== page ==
Format: Is there anything specific from graffiti writing that youâ€™ve taken from making these shoes?
Scien: Itâ€™s totally graphic design. We did take some elements that look like graffiti, but to me it is graphic design, because graffiti has to be spray painted on the wall.
Format: When you had the event in New York, there was some controversy. Blogs reported that GHOST jumped over railing and did a throw-up over someoneâ€™s piece. Can you clear up what exactly happened?
Scien: It wasnâ€™t like that. It was a really big joke. Most of us come from Europe and weâ€™re really good friends with some old school writers from New York. We were really touched that all those guys came to that event to say hello to all of us, just to give a shout. SMART did that GHOST throw-up over his piece. People were saying, â€˜U.S. went over Europe.â€™ Itâ€™s stupid. Itâ€™s just bloggers bullshit, once again â€“ they donâ€™t go through the right information, they just spread what they thing and that is what makes a difference between journalists and bloggers. Thing is, all the kids believed that and itâ€™s just bullshit! It was really funny. I had a lot of fun with SMART when we saw all those bloggers talking shit about that. It was really funny, because when we started that event, the first people that arrived were the vandal squad and theyâ€™re like, â€˜Yeah, we like sneakers,â€™ but they were all dressed like citizen cops. You can see from two miles away that those guys were cops. They were wearing L.A. Gear stuff. Iâ€™m also a part of KD, Kings Destroy, but that crew is really wanted in New York and that is why I wrote KID DOLLAR for my piece. Many people from Europe and the U.S., even, had to paint their pieces almost masked. We had to watch out what we were saying about the collection, too, to journalists and television.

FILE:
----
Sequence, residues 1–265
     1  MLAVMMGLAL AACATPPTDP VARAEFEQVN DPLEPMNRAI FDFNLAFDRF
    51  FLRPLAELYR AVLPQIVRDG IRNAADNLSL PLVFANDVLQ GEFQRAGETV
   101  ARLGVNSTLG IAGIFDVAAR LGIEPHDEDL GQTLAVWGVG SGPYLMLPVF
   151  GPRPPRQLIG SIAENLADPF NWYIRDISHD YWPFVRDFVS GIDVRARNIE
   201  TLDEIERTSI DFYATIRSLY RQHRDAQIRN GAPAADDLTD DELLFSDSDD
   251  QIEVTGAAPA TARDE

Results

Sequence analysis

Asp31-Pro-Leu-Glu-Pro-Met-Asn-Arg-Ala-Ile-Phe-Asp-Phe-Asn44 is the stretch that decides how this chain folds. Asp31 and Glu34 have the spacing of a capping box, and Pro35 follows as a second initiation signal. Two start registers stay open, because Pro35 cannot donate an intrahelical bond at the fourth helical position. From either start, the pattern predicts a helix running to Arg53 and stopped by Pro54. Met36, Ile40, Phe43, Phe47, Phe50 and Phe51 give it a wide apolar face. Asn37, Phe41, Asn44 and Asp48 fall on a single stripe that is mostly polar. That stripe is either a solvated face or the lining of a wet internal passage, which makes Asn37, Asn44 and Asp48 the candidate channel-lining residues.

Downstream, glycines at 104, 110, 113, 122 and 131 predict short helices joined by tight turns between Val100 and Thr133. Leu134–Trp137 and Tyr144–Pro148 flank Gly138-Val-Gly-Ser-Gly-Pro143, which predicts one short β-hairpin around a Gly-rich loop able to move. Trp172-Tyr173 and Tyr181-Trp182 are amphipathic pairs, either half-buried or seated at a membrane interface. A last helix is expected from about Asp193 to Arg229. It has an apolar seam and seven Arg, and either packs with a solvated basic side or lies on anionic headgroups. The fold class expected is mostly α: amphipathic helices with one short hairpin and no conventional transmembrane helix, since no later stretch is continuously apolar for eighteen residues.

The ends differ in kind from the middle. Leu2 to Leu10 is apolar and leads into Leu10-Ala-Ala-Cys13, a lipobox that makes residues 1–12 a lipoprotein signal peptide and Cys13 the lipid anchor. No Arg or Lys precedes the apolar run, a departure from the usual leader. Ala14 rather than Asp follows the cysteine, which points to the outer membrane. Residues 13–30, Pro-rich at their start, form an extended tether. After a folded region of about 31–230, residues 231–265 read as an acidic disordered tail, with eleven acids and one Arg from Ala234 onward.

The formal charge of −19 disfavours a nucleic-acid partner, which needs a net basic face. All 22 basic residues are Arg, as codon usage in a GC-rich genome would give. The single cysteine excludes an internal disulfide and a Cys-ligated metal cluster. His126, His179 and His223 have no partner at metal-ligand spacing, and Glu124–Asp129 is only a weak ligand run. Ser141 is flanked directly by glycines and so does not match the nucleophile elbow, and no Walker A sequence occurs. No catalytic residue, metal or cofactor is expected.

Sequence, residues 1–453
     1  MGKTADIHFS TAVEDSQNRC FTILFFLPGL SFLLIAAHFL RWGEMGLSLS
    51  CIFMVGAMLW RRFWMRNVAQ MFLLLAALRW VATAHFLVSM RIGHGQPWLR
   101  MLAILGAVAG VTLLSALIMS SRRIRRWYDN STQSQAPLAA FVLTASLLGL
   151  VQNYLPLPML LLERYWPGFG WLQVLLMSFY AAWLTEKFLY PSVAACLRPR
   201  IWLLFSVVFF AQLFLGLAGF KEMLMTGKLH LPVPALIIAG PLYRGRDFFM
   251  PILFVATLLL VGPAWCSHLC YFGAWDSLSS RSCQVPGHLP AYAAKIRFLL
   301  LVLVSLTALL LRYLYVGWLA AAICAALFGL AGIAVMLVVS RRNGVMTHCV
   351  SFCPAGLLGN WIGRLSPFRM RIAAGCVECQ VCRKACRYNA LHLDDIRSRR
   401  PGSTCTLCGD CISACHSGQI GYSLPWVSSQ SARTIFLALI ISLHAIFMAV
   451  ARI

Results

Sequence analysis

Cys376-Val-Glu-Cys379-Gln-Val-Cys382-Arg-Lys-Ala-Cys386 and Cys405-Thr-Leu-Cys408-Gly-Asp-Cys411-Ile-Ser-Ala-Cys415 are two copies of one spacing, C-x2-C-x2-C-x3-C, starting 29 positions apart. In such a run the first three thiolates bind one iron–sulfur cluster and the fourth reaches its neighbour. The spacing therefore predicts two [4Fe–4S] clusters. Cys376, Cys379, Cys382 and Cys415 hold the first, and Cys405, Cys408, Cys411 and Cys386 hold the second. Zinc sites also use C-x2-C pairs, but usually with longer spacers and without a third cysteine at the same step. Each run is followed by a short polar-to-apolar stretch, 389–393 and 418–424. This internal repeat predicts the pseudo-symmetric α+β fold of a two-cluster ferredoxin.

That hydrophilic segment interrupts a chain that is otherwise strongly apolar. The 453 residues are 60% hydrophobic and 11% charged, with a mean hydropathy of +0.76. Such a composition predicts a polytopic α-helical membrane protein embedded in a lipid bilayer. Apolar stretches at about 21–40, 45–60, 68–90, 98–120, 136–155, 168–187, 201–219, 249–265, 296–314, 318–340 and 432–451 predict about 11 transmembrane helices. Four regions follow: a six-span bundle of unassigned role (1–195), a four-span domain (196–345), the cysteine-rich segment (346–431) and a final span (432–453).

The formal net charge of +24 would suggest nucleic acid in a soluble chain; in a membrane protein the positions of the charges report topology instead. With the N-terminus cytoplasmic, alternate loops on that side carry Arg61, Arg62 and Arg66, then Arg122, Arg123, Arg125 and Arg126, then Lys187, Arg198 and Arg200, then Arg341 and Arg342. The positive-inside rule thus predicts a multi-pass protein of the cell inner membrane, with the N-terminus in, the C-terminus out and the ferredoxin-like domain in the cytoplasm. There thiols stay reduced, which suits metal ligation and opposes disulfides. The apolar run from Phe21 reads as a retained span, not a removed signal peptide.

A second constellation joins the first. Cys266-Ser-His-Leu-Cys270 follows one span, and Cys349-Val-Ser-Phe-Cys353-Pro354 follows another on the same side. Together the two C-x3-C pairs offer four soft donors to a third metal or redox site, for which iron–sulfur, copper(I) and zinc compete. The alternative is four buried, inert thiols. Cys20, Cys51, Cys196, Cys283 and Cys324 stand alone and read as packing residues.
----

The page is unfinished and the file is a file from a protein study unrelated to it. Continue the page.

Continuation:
Format: Are the laws more relaxed towards writers in Europe compared to America?
Scien: No, I donâ€™t think so. Itâ€™s almost the same thing everywhere. The only difference is that New York was the first place to create laws against graffiti back in the mid-`80s, but now Europe just copies America. You really have to watch out what youâ€™re doing. We used to do a lot of illegal stuff, compared to back in the days, we got graffiti imported from America, but we donâ€™t come from ghettos. Iâ€™m a well educated kid. We did a lot of illegal stuff for the love of graffiti, but it wasnâ€™t about destroying stuff, we just wanted to paint something. Today, kids love bombing and they name themselves hardcore bomber and stuff like that, but itâ€™s weird, to me, because we did stuff that like that, too, maybe worse. Of course it was illegal, of course we racked our paint and all that shit, it was just natural, but, today, it seems really high-bar to just mention that the stuff you did was illegal.
Format: Around what point in your career did you notice you could not paint illegally without being known?
Scien: Itâ€™s because itâ€™s the only thing weâ€™re best at! If I didnâ€™t do that I would work at McDonaldâ€™s or something like that. In the same way, we got interested in graphic design, because unconsciously, we did that while painting. Graffiti is all about laying out elements on a space and you learn about marketing, too, by choosing places. For example, you donâ€™t have to do a million tags to be famous, you just need to do one in the right place and youâ€™ll be famous. Now, we make a living doing this weâ€™re not doing illegal stuff, we have nothing to prove anymore. Itâ€™s fun when youâ€™re a kid. We know how to do a piece. Itâ€™s not because itâ€™s illegal that your stuff is going to be better, if you do crappy shit it will suck.
Format: Youâ€™ve done work for Stussy, too. How did that relationship materialize?
Scien: Weâ€™ve been working with them for three years on all their T-shirt designs. Stussy is a cool client. They just got in touch with us. They sent us an e-mail and said they wanted to work with us. We asked what they wanted and they said do whatever you want. They picked the ones they liked the most and itâ€™s really cool. They understand the way we create. They work like that with everybody. If weâ€™re free to create what we want we will give 100 per cent of our capabilities and they will use 100 per cent of our skills. We give them the best. When we work with Stussy, they never ask us to change it. Maybe, theyâ€™ll change the color, but not the design.